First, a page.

An advocacy group for the more than 500,000 allergy and asthma patients in Tennessee says something as simple as going to your local pharmacy for relief is becoming burdensome.
Popular 12- and 24-hour release cold and allergy medicines that contain pseudoephedrine are available over the counter in Tennessee, but consumers are now limited in how much and how often they can buy the medicine. And it has to be requested at the pharmacy counter rather than just picked up off the store shelf. The reason for these restrictions is a law passed to curb the illegal manufacture of methamphetamine.
Asthma and Allergy Foundation of America Vice President of External Affairs Mike Tringale told the Times-News a cumbersome chore has been placed on doctors and pharmacists with this new law, while those suffering with runny noses, headaches and other allergy symptoms must jump through hoops to get an over-the-counter medicine.
“Let’s not put a police badge on the doctor,” said Tringale. “And getting the patient to sign a ledger at the pharmacy counter is not accurate or hard to track when the person signs another name to the list. It is important for that family to have access to the medicine they need without added requirement, but the meth problem has ruined things for everyone.”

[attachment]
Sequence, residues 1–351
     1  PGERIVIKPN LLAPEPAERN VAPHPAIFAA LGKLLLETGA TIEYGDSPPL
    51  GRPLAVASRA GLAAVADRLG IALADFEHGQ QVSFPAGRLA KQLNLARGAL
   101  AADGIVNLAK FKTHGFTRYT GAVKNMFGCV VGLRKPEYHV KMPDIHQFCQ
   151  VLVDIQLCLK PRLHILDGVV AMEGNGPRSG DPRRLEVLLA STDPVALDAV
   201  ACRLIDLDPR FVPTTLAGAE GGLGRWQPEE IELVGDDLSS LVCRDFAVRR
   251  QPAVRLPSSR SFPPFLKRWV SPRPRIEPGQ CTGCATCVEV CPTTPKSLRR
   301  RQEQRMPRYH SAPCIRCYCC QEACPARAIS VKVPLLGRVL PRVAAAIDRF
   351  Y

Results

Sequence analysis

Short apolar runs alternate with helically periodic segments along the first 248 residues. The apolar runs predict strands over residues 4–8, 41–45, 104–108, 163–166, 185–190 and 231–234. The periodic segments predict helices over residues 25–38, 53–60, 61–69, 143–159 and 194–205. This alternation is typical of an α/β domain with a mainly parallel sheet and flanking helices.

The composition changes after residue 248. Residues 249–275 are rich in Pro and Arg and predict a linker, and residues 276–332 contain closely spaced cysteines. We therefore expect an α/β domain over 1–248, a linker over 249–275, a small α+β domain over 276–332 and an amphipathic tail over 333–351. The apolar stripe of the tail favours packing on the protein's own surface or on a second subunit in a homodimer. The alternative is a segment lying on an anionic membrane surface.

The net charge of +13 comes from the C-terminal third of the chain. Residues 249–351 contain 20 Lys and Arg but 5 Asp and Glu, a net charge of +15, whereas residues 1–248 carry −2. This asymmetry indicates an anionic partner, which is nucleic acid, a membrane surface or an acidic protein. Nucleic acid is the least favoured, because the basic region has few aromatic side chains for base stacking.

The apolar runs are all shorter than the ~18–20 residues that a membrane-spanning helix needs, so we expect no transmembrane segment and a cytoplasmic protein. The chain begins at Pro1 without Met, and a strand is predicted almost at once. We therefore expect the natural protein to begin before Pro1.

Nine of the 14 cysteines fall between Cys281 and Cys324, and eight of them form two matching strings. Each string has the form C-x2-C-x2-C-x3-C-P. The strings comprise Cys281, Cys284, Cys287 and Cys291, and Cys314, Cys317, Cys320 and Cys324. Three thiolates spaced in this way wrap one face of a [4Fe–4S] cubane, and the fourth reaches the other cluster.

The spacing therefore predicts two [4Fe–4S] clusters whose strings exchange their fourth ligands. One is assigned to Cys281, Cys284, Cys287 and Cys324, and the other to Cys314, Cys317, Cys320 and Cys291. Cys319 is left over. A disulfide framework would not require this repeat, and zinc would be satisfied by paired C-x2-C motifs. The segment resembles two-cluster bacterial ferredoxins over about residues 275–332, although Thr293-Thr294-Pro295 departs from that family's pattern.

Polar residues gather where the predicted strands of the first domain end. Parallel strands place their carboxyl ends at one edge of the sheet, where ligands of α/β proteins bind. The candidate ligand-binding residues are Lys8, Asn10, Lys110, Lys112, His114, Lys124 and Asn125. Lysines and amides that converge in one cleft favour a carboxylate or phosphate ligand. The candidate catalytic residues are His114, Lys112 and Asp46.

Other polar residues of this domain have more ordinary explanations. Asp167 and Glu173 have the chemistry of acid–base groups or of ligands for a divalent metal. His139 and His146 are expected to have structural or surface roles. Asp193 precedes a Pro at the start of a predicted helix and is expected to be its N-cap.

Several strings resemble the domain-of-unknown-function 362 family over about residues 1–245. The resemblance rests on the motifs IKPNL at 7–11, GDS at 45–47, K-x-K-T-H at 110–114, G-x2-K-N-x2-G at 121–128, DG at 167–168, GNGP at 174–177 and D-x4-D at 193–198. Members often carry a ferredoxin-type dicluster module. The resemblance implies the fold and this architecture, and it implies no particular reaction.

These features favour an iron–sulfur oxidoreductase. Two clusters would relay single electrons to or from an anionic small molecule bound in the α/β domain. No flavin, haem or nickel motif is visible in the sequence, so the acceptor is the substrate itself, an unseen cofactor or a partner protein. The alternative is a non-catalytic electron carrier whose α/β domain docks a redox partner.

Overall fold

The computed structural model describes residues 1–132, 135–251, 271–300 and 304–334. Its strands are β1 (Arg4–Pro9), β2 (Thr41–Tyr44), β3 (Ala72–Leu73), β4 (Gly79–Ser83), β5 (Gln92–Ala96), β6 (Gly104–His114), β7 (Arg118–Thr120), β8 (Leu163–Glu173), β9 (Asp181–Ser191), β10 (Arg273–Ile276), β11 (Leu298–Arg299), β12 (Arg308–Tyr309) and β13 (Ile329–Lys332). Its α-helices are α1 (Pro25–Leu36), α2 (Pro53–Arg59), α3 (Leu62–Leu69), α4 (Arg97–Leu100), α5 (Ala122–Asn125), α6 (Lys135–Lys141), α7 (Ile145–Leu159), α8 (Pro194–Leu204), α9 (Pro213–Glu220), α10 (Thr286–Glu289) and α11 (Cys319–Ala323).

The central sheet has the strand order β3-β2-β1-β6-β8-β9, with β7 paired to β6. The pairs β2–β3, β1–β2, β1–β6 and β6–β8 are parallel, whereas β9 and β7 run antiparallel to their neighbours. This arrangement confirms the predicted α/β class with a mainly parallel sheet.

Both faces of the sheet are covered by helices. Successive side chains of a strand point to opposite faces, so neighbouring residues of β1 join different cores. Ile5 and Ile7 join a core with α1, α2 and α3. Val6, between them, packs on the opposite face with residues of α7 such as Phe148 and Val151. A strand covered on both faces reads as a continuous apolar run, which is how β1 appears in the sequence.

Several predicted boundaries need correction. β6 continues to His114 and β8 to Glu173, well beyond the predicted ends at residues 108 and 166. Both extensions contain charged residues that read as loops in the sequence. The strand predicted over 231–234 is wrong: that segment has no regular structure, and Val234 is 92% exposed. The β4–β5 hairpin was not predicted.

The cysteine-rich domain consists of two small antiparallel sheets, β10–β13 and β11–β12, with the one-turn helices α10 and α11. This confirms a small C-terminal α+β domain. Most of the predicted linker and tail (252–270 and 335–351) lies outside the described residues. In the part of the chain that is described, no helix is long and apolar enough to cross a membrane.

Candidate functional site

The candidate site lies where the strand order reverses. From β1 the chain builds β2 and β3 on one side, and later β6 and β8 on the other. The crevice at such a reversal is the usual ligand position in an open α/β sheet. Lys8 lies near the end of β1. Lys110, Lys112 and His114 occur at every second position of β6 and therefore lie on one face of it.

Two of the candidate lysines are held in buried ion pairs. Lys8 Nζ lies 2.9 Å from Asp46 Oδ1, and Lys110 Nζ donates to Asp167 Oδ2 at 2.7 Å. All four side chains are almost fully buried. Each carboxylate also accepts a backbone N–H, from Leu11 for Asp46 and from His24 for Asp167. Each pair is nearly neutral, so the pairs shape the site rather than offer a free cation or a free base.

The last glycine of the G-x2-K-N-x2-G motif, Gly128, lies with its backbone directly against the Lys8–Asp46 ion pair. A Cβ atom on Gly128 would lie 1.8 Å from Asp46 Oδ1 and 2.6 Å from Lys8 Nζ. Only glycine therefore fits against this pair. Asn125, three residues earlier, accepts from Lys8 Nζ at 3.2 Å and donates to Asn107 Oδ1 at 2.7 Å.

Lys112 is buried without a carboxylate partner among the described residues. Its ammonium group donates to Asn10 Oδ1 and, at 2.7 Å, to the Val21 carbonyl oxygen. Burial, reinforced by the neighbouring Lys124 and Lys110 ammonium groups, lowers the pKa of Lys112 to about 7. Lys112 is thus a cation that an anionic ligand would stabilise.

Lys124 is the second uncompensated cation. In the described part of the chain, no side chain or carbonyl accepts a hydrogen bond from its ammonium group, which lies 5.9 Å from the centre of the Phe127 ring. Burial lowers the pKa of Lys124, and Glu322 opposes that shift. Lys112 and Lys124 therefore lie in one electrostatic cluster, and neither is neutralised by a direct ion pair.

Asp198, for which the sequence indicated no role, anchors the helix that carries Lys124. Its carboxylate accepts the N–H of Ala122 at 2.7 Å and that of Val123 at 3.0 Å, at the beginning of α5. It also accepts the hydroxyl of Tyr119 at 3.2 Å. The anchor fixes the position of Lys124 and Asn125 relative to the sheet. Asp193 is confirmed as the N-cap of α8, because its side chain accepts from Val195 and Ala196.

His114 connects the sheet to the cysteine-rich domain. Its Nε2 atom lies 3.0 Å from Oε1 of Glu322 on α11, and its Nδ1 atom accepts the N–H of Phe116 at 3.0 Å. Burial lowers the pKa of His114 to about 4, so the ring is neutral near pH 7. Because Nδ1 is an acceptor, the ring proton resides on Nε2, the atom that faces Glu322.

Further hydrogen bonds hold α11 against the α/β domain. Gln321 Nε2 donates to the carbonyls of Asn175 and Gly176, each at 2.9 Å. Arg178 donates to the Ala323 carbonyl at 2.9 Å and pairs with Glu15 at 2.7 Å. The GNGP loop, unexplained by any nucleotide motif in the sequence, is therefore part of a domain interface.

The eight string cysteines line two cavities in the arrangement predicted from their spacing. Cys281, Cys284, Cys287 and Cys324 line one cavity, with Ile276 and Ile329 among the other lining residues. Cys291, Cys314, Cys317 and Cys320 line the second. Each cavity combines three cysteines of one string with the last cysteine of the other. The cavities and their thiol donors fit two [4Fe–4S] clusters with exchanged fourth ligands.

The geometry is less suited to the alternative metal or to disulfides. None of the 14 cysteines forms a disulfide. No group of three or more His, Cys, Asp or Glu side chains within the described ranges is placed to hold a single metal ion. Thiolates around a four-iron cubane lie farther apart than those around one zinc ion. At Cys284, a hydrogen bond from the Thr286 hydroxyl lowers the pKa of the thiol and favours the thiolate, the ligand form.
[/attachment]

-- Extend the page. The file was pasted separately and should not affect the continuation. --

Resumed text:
The law helps track a patient’s purchases, which are logged into a national database, to make sure they do not exceed a limit of 9 grams or 9,000 milligrams in a month, according to the state statute.
“We are on the same side of the fight against meth. We are all on the same page,” said Tringale.
“Let’s use the proven method like electronic tracking with identification to drive down the problem instead of deputizing physicians to do this work or restricting the rights of patients to get their medications. We need to find modern solutions and improve tracking criminals.”
In a 2010 AAFA survey, 71 percent of patients opposed prescription-only laws for over-the-counter remedies.
“A prescription-only law is not patient friendly. Some health care plans call for a fail-first policy. That is having the patient get an over-the-counter medicine to see if it works before a prescription for an allergy medication is written. Getting a script for over the counter requires a doctor’s visit, increasing their cost.”
At a bill-signing ceremony in Greene County this summer that outlined Tennessee’s tracking of pseudoephedrine products, Tennessee Association of Chiefs of Police Executive Director Maggi McLean Duncan said the law was an adequate measure to help fight meth and fit the needs of consumers.
“Most consumers don’t buy an entire month’s worth of allergy (pills) in one day,” Duncan said. “And your regular consumer doesn’t use 9 grams in one month, trust me.”